D.Hilbert and S.Cohn-Vossen
In mathematics, as in any scientific research, we find two tendencies present. On the one hand, the tendency toward abstraction seeks to crystallize the logical relations inherent in the maze of material that is being studied, and to correlate the material in a systematic and orderly manner. On the other hand, the tendency toward intuitive understanding fosters a more immediate grasp of the objects one studies, a live rapport with them, so to speak, which stresses the concrete meaning of their relations.
As to geometry, in particular, the abstract tendency has here led to the magnificent systematic theories of Algebraic Geometry, of Riemannian Geometry, and of Topology; these theories make extensive use of abstract reasoning and symbolic calculation in the sense of algebra. Notwithstanding this, it is still as true today as it ever was that intuitive understanding plays a major role in geometry. And such concrete intuition is of great value not only for the research worker, but also for anyone who wishes to study and appreciate the results of research in geometry.
In this book, it is our purpose to give a presentation of geometry, as it stands today, in its visual, intuitive aspects. With the aid of visual imagination we can illuminate the manifold facts and problems of geometry, and beyond this, it is possible in many cases to depict the geometric outline of the methods of investigation and proof, without necessarily entering into the details connected with the strict definitions of concepts and with the actual calculations. For example, the proof of the fact that a sphere with a hole can always be bent-no matter how small the hole-or of the fact that two different toroidal surfaces can not in general be wrapped onto each other conformally, can be treated in such a fashion that even one who does not wish to follow the details of the analytical arguments, may still gain an insight into how and why the proof works.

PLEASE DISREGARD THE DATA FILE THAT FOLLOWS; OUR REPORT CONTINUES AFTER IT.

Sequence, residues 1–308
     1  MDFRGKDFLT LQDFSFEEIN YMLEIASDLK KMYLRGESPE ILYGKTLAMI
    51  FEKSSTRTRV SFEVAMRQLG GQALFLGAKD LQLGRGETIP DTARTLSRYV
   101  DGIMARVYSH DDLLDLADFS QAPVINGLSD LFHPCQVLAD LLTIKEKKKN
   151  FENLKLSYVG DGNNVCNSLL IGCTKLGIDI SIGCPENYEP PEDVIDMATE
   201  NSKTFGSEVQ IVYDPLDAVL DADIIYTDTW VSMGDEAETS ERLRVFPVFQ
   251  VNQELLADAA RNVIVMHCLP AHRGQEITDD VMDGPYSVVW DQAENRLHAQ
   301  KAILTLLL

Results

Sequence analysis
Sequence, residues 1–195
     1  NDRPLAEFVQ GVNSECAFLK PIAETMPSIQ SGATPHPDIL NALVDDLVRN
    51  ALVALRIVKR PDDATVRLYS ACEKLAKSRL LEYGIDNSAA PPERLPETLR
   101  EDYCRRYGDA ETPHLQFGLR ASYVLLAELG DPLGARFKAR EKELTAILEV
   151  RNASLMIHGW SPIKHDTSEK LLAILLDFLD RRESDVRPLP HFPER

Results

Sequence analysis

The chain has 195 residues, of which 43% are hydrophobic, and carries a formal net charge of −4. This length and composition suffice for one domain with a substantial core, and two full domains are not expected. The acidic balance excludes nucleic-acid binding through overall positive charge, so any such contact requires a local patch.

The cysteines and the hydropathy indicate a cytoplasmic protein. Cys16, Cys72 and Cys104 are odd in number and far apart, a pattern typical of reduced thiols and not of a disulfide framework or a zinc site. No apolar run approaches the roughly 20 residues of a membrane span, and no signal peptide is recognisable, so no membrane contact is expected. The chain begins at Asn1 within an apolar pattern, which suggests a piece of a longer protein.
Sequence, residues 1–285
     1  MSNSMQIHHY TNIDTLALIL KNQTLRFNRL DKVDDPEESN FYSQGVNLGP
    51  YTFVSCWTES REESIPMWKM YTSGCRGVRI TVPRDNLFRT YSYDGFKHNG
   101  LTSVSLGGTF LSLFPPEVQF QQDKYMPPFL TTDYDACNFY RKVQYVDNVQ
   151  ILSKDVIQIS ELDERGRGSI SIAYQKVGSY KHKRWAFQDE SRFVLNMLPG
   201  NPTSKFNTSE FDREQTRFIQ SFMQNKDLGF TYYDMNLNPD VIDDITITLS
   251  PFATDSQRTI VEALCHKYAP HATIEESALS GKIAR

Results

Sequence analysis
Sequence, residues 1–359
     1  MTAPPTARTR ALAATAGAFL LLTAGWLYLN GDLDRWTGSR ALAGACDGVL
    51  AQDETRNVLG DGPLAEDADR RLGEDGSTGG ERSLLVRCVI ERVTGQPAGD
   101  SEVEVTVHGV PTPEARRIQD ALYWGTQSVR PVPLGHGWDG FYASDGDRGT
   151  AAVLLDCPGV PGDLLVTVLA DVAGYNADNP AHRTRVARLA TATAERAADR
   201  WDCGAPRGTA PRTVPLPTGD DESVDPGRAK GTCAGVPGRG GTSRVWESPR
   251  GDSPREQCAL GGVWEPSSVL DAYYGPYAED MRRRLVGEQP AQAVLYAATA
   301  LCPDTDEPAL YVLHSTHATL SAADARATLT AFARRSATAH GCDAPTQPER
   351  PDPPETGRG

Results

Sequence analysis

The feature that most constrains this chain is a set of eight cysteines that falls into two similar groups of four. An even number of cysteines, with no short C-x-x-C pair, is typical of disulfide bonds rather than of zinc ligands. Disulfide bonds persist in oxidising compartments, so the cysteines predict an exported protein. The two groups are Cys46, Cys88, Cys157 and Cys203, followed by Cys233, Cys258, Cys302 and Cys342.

In this manner, geometry being as many-faceted as it is and being related to the most diverse branches of mathematics, we may even obtain a summarizing survey of mathematics as a whole, and a valid idea of the variety of its problems and the wealth of ideas it contains. Thus a presentation of geometry in large brush-
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